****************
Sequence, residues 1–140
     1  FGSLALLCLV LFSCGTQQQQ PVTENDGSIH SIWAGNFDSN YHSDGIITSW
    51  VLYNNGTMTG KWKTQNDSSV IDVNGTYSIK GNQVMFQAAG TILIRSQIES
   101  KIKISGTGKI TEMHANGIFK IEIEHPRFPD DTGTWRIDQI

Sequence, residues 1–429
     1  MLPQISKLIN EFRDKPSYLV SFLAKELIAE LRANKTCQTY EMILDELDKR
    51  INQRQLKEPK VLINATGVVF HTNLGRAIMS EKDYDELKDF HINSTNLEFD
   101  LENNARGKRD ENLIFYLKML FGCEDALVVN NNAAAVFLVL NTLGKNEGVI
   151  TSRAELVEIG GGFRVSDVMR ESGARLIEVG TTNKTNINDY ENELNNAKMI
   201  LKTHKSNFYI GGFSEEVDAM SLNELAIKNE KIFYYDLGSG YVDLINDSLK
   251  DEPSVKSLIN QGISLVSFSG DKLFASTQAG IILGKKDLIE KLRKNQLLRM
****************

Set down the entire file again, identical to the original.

Sequence, residues 1–140
     1  FGSLALLCLV LFSCGTQQQQ PVTENDGSIH SIWAGNFDSN YHSDGIITSW
    51  VLYNNGTMTG KWKTQNDSSV IDVNGTYSIK GNQVMFQAAG TILIRSQIES
   101  KIKISGTGKI TEMHANGIFK IEIEHPRFPD DTGTWRIDQI

Sequence, residues 1–429
     1  MLPQISKLIN EFRDKPSYLV SFLAKELIAE LRANKTCQTY EMILDELDKR
    51  INQRQLKEPK VLINATGVVF HTNLGRAIMS EKDYDELKDF HINSTNLEFD
   101  LENNARGKRD ENLIFYLKML FGCEDALVVN NNAAAVFLVL NTLGKNEGVI
   151  TSRAELVEIG GGFRVSDVMR ESGARLIEVG TTNKTNINDY ENELNNAKMI
   201  LKTHKSNFYI GGFSEEVDAM SLNELAIKNE KIFYYDLGSG YVDLINDSLK
   251  DEPSVKSLIN QGISLVSFSG DKLFASTQAG IILGKKDLIE KLRKNQLLRM